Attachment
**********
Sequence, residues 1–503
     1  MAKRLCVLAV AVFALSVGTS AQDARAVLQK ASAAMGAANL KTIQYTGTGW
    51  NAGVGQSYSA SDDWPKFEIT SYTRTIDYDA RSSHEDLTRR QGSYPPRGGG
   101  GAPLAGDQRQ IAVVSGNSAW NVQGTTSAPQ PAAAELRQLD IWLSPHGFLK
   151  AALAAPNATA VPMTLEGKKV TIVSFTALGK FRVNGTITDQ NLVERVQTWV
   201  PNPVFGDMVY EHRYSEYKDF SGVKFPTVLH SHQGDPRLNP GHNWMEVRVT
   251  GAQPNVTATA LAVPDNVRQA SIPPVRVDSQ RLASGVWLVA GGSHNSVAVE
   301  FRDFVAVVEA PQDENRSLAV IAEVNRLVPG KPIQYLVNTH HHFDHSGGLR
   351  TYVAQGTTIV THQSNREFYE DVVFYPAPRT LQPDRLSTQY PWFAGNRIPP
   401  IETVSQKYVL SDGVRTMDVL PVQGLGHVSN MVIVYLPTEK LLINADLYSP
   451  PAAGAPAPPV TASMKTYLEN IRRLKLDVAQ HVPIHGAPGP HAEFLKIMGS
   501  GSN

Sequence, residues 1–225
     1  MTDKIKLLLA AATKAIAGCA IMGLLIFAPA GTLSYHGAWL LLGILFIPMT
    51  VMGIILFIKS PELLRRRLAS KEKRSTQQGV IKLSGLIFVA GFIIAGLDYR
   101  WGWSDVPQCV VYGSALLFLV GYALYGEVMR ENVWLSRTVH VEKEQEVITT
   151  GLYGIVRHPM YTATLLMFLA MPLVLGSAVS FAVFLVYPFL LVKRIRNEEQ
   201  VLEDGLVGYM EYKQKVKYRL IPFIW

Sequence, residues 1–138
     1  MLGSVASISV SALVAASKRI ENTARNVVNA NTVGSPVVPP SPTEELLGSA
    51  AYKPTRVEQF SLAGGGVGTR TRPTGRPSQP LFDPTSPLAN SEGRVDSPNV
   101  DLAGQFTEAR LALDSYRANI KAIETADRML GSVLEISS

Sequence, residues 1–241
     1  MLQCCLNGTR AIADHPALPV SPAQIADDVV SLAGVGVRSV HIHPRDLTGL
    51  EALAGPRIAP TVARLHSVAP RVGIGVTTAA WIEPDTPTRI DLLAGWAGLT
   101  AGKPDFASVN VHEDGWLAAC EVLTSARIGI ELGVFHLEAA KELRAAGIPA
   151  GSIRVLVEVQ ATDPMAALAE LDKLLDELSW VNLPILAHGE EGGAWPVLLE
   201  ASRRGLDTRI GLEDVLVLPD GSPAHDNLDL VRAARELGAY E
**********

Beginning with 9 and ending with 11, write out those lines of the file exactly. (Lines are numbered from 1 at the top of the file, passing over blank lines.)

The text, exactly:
   351  TYVAQGTTIV THQSNREFYE DVVFYPAPRT LQPDRLSTQY PWFAGNRIPP
   401  IETVSQKYVL SDGVRTMDVL PVQGLGHVSN MVIVYLPTEK LLINADLYSP
   451  PAAGAPAPPV TASMKTYLEN IRRLKLDVAQ HVPIHGAPGP HAEFLKIMGS